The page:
Nelson Eddy was not a “singing capon” despite the sneers and jeers of his critics. In fact, he he was very human and it was never more visibly apparent than in the 1938 film, The Girl of the Golden West.
This was his 4th film with Jeanette MacDonald but the first one after her marriage to Gene Raymond. She had married in June 1937 and after the summer ended, it was time for her to get back to work and appease their fans still angry over her wedding. That it was going to be difficult for them to work together was a given. Nelson was still pining over her and despite his many affairs (“about a dozen” per his own statement), he was miserable. He drank to ease his pain and to get through the filming without breaking down in tears on set as he had done during Maytime.
In the book Sweethearts, his emotional anguish at having to work with her and be around her is described in detail, based on his own writings. Jeanette avoided him when they weren’t filming. There are very few photos of them sitting together on the set, as was normal. Still bitter with rejection, Nelson tried to pry from her whether she was happy and had “learned to love” Gene. Jeanette was not forthcoming with answers. In his diary, Nelson wrote entries like: “My baby’s arms were softly tender in our love scene today. I feel very badly tonight.” Another time he drove her home from the studio and reported: “I can’t trust myself to be alone with her. It was all I could do not to jump her.”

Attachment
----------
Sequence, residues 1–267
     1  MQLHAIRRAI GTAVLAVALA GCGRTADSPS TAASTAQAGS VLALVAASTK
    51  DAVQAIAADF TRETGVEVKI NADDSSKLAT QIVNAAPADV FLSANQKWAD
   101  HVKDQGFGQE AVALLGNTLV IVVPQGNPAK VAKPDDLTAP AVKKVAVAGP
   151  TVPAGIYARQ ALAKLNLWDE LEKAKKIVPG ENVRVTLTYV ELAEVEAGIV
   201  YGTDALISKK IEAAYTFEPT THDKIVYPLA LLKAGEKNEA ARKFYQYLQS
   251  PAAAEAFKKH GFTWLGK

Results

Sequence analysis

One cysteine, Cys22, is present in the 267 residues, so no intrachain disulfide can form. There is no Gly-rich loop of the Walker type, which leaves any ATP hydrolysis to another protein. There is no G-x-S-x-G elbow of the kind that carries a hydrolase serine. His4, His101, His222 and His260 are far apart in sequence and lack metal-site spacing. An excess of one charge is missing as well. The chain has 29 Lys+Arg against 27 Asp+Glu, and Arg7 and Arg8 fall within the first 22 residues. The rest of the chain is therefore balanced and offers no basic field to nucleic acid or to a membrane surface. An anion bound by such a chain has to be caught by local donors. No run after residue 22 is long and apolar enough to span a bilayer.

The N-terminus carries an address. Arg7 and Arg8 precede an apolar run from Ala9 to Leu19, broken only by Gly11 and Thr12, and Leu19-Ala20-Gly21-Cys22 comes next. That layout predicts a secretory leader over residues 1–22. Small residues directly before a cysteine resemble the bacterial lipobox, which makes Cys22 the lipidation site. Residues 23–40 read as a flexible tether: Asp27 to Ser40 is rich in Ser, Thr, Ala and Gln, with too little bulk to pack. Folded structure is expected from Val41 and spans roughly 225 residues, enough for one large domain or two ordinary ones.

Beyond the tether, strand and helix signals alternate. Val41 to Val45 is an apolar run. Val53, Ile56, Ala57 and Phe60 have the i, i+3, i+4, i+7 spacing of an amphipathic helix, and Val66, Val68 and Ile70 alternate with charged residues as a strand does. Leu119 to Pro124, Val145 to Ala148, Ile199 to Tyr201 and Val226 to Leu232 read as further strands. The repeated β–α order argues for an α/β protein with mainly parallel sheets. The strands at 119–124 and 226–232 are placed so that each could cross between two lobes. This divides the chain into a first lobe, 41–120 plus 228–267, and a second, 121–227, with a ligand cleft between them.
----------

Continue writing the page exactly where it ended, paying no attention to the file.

In this film, Nelson’s character is shot and badly wounded. Jeanette’s character plays a crooked hand of cards in an effort to save his life, by offering herself as compensation to the sheriff (played by Walter Pidgeon). The scene in question had Jeanette pushing Nelson up an attic staircase to hide, her helping him down again and his collapsing on the floor, with her anxiously and tenderly ministering to him.
The result of her nearness and hands-on attention in this sequence is plain to see, here in the shot captured by the still photographer:
…and an actual screenshot as the scene progresses.
Yes, Nelson was indeed a lively near-corpse and it’s astonishing that this sequence was left in the film as-is.
Not to ruin the plot for those of you who haven’t seen the film…but of course Nelson survives, he and Jeanette are reunited at the very end and head off in a covered wagon singing happily of their love.
Which is what sort of happened in real life by the time The Girl of the Golden West finished filming.
Thanks Maria and Katie for help with the photos for this article.